It was a few minutes past noon on 21 June when Somali immigrant Ahmed Ibrahim Hashi spotted a crowd rapidly approaching his spaza shop in Atteridgeville. Hashi (28) and his cousin Abdullah* knew what was coming. Not many options were available for the men who had fled Somalia in 2009 – stay and face possible death or run. No police in sight. There was hardly time to think and no time to lock their spaza shop.
Hashi and Abdullah sprinted through the streets of Atteridgeville as fast as their legs could carry them.
Their spaza shop was pillaged. The crowd of mostly young people ran after them. Abdullah asked a family to hide him. They did.
Photo: Somali immigrants eat in safety in a mosque courtyard. (Ihsaan Haffejee )
But Hashi was not so lucky. The crowd caught up to him. He was beaten; his face smashed with a brick. They left him for dead. But he was rescued by other Somalis and taken to hospital for treatment.
He is now recovering at a Somali community centre in Pretoria West in a house filled with people displaced by the recent violence in Tshwane.
Photo: Somali national Ahmed Ibrahim Hashi recovering in a safe house after being severely beaten. (Ihsaan Haffejee )
Hashi is in a tiny room just big enough for two single beds. Because of the wounds on his shoulders and back, he sits up with difficulty and covers himself with a blanket. His face and lips are swollen and his eyes are bloodshot from burst blood vessels. Damage to his jaw means he can hardly speak and he has to eat through a straw.
“You won’t believe me when I tell you, but Ahmed is actually looking much better today,” says Suleiman Hussein, the chairperson of the Somali community board and the man in charge of looking after the needs of over 300 Somalis evacuated from Tshwane’s townships following the violence. “A few days ago you wouldn’t have recognised him. His head was as big as a balloon. He couldn’t even open his eyes.”
Two Somalis are still in an ICU ward, one of them in a critical condition.
“Honestly I’m not sure if he is going to survive,” says Hussein.
Photo: Somali migrants at evening prayers in a mosque in Tshwane. (Ihsaan Haffejee )
The Somali shopkeepers lived in back rooms attached to their spaza shops. As a result of the attacks and destruction they have lost not only their shops but also their homes.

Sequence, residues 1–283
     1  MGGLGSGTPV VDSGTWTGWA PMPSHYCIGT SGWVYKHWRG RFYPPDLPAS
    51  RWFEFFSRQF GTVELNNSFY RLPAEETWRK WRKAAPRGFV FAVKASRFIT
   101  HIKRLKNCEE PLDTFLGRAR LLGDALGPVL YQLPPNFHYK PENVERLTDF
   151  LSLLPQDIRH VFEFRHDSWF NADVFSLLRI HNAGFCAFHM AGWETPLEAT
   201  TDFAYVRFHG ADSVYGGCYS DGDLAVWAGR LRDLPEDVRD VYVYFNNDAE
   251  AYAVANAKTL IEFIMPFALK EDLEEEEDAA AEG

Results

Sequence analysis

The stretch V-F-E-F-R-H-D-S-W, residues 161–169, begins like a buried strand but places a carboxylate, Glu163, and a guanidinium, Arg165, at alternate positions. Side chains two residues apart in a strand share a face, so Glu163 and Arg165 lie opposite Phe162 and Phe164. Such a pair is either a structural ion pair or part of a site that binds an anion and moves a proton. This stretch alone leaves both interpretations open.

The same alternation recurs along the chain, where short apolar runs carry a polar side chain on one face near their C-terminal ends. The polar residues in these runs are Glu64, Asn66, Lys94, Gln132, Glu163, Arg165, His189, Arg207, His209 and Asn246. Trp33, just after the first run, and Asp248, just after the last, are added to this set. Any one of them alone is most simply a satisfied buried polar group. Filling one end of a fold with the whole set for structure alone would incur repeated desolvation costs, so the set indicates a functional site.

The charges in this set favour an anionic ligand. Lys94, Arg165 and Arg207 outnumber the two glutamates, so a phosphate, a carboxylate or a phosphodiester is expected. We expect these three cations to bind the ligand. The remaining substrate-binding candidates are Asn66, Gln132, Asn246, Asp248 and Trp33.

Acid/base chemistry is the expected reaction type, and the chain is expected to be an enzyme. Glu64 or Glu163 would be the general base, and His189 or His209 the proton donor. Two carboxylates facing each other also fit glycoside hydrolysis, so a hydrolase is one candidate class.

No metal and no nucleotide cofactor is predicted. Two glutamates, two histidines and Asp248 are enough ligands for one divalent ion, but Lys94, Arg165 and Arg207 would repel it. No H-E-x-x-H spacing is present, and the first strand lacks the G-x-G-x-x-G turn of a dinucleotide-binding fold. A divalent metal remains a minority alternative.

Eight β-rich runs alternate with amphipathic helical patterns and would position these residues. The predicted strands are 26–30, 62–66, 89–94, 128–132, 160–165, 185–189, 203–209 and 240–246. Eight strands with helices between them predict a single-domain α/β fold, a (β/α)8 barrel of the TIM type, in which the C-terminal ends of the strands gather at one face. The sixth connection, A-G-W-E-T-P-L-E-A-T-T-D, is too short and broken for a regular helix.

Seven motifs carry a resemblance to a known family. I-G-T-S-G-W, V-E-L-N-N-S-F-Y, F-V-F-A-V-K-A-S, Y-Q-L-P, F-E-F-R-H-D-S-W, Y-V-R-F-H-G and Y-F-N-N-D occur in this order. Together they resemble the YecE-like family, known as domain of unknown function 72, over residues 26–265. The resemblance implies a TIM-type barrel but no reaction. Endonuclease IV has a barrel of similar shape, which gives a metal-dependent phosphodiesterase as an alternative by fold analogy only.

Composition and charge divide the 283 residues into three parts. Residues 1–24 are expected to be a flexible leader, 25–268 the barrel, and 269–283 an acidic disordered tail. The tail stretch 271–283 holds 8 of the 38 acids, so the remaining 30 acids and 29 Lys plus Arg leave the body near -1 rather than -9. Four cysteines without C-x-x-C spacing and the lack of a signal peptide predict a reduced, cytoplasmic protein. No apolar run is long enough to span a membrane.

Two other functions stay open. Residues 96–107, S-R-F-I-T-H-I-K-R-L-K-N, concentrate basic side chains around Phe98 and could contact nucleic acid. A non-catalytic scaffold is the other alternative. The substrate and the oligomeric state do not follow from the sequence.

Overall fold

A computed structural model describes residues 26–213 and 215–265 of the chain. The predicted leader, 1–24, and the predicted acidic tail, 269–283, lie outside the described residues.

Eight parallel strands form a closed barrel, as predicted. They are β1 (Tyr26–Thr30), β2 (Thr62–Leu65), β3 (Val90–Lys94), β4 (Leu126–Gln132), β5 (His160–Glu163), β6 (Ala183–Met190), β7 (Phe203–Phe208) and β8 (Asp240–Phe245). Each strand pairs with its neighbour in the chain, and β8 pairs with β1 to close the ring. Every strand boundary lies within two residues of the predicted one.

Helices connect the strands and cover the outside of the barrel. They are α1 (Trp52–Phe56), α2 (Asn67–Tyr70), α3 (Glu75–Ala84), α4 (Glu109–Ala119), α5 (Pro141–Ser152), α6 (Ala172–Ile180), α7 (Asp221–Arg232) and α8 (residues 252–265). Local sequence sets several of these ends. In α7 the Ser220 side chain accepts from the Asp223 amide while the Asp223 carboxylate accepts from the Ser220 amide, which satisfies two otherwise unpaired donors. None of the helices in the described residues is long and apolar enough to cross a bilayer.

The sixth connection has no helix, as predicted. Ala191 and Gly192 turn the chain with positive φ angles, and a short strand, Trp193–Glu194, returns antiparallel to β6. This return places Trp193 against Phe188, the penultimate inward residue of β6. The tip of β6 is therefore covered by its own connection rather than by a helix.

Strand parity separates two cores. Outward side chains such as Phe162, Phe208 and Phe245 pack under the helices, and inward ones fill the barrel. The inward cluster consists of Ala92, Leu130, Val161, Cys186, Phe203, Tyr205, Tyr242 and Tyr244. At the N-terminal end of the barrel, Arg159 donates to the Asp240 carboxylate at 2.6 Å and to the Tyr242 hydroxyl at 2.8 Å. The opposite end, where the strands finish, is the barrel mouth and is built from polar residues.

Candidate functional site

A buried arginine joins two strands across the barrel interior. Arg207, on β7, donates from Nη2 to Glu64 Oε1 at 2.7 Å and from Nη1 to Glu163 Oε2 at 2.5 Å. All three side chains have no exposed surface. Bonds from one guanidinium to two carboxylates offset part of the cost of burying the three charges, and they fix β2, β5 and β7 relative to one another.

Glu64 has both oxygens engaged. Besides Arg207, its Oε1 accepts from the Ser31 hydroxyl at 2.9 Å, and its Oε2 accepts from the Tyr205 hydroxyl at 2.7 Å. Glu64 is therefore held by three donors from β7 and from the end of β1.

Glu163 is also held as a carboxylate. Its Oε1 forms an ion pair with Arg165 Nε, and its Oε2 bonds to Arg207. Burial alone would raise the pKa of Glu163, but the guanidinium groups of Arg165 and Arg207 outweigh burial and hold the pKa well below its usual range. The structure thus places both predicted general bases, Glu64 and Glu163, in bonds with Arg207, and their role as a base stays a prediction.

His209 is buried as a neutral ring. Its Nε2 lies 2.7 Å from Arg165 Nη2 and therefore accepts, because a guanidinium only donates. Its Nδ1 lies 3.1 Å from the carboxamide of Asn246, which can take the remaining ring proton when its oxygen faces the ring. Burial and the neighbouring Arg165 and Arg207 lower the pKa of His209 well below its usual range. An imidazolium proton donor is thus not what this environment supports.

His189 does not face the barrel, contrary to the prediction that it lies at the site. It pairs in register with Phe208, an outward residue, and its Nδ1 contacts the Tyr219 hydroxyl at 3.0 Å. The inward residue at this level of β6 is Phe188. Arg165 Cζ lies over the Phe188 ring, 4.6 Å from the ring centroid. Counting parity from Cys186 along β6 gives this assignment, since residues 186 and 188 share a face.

“Now we have a situation where all these men are staying in shelters like this one. But as you see, it’s very crowded with nine or ten guys in a single room. They have also lost everything, so we have to provide them with food, clothing and shelter. We have come together as a Somali community to help but we also need some assistance from whoever else can help,” says Hussein.
“I know a man who had his shop looted. He has ten children and has lost everything. Today, he is just sitting at home and crying. People are in a state of shock. They are in need of trauma counselling,” he says.
His phone rings continuously with more requests for mattresses, spare rooms and food for displaced Somalis.
Photo: Somali migrants at prayer after the ending of the day’s fast. (Ihsaan Haffejee )
Hashi came to South Africa as a 22-year-old, hoping to live in peace.
“The way I thought it would be in South Africa, it is not like that. Once I recover, I think I will make my way back home to Somalia. If I’m going to be killed, it would be better if it was in my country,” says Hashi.
The call to evening prayer rings out at a nearby mosque, signalling the end of the fasting day. Free meals are provided at the mosque for those displaced by violence.
27-year-old Abdul Razzak has some rice, water and a banana. He performs his evening prayer with hundreds of other Somalis then makes his way to a nearby shelter.
Photo: Abdul Razzak’s shop in Soshanguve was looted. Last year, he was also shot in the leg. (Ihsaan Haffejee )
His spaza in Soshanguve was looted during the recent violence. This time, he escaped without injury, but in 2015 he was shot in the leg during a similar incident.
“We escaped through a back door when the people came to loot us. So we have lost everything; we have nothing but our God,” says Razzak.
“There is nothing else for me to do but to try to go back [to the township] and make some business because no one in this world will support me except me. I have to take a risk and go back once I hear that it is safe, even though I feel sometimes it’s more dangerous than when I was in Somalia. But I have to try. There are too many people who are depending on me.” DM
* Name changed.
Photos: Ihsaan Haffejee
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